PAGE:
Cancer and tumor-induced angiogenesis has a natural place in the Special Year on Developmental Biology as cancer is often thought of as a result of a faulty development process. Experimental and clinical oncology forms a massive literature aimed at understanding and treating cancer. Despite the enormity of the data available, clinical oncologists and tumor biologists proceed without a comprehensive theoretical model to help guide the organization and understanding of such data. To quote a recent Nature article on the topic:
Heeding lessons from the physical sciences, one might expect to find oncology aggressively, almost desperately, pursuing quantitative methods to consolidate its vast body of data and integrate the rapidly accumulating new information. In fact, quite the contrary situation exists. Mathematical models are typically denounced as "too simplistic" for complex tumour-related phenomena (ignoring, of course, the fact that similar simplifying assumptions are required in most experimental designs). Articles in cancer journals rarely feature equations. Clinical oncologists and those who are interested in the mathematical modelling of cancer seldom share the same conference platforms. -- Nature 421, 321 (2003).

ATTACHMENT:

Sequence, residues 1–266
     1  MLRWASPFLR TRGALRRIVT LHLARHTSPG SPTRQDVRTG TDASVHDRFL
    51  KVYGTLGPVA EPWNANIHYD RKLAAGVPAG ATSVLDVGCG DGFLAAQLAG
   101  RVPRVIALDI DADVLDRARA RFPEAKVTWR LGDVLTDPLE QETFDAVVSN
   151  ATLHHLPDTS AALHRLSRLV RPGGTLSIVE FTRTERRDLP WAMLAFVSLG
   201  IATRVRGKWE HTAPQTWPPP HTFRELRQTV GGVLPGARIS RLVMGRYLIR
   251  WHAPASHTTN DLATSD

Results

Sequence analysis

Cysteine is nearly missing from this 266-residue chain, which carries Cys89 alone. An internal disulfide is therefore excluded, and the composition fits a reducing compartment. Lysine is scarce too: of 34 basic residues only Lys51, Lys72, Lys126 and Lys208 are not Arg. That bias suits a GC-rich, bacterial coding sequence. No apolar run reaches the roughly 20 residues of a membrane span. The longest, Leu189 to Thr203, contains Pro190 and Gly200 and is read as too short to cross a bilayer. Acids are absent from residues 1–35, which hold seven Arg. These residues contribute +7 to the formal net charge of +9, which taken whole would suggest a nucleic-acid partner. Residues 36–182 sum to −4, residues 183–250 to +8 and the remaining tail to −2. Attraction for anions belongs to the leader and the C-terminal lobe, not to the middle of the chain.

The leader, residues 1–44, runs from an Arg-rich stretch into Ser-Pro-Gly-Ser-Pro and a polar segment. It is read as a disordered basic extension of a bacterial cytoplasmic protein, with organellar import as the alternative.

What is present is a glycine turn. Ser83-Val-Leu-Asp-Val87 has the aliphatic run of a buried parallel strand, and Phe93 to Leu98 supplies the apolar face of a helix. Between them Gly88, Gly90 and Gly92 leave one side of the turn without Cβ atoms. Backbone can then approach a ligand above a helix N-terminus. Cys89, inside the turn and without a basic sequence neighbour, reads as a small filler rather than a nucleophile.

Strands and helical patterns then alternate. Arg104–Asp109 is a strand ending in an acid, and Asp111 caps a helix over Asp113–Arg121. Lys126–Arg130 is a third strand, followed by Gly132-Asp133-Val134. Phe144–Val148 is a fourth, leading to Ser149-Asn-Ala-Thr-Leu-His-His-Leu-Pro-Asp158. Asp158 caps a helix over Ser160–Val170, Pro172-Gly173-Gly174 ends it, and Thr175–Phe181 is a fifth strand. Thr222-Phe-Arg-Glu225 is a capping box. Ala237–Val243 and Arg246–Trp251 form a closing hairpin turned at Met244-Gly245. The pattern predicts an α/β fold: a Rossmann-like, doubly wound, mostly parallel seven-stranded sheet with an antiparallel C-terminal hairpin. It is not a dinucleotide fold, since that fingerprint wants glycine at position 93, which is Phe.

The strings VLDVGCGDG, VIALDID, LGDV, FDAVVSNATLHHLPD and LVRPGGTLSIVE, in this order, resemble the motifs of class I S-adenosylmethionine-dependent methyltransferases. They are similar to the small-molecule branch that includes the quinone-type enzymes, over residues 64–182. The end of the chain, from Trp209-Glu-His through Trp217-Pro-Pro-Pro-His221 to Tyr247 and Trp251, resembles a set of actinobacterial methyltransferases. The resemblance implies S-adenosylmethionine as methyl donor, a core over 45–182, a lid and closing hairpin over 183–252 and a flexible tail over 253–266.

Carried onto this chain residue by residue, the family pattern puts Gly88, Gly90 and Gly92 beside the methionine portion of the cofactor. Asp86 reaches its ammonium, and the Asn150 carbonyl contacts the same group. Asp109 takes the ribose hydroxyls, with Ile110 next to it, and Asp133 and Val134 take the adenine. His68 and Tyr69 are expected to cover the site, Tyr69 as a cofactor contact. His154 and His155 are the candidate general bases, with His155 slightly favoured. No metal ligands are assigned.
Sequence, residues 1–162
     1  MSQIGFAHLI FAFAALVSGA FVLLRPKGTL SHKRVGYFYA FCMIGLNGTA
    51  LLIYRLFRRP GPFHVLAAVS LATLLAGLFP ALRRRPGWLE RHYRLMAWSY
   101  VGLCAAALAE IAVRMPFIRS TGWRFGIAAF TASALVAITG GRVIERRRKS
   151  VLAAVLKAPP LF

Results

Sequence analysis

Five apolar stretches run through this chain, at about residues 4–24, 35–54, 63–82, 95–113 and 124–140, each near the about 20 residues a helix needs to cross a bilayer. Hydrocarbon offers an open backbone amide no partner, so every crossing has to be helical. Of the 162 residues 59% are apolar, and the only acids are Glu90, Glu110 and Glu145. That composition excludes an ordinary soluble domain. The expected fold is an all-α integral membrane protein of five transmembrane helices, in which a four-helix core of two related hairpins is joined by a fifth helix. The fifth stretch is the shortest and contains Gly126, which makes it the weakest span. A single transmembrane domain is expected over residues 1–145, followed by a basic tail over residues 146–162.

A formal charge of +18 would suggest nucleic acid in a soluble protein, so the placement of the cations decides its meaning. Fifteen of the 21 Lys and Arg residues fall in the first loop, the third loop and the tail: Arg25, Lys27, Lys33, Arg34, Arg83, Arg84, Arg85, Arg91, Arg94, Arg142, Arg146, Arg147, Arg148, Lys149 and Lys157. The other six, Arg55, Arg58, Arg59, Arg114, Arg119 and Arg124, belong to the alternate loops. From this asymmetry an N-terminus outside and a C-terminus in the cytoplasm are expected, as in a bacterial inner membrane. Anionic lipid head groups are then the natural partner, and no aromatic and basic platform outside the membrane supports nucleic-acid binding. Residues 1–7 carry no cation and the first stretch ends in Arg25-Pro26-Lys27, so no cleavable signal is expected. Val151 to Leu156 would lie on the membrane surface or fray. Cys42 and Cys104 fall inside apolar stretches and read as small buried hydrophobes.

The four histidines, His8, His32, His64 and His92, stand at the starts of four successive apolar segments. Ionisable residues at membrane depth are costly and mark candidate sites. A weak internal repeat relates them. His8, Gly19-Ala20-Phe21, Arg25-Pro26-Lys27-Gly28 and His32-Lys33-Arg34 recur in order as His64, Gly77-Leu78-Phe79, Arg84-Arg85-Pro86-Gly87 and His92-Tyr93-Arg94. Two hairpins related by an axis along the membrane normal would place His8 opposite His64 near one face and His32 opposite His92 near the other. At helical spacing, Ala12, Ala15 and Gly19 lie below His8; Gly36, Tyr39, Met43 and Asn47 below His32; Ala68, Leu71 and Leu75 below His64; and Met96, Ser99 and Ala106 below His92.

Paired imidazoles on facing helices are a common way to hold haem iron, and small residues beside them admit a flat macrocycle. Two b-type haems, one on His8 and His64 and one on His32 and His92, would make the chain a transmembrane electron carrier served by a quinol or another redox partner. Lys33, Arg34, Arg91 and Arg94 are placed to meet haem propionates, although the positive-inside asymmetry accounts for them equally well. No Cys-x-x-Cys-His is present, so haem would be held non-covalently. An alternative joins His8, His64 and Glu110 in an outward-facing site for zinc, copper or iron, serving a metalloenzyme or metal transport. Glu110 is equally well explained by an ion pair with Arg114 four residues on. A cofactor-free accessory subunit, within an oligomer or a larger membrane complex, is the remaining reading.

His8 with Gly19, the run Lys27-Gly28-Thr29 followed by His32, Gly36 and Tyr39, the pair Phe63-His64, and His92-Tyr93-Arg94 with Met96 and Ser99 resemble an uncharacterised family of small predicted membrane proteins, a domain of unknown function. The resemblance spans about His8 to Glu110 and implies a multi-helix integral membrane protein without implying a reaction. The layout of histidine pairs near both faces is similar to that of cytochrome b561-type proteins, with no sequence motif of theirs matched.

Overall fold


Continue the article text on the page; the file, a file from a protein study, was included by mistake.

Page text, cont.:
Naturally, successful modeling approaches to cancer requires scientists willing to communicate and interact extensively across disciplinary boundaries. This workshop aims to do exactly this by having truly interdisciplinary scientists as well as giving a shared platform for both experienced modellers and state-of-the art experimentalists and clinician-scientists discussing their work covering every level of tumor growth.
Each day of the workshop, will consist of 3 primary speakers (1-hour lectures each) that will include an experimentalist laying out the biological problem, a mathematical modeler describing modeling approaches and a imaging specialist describing the type of data (typically imaging) available for model validation and development. Additionally, other attendees will be invited to present posters at the poster session. An expert panel will comprise of leading modelers and experimentalists to discuss current problems in the efficient translation of mathematical modeling techniques to the laboratory and the clinic.
Significant time will be available during the meeting for discussions of current and future problems in the cancer and tumor-induced angiogenesis area.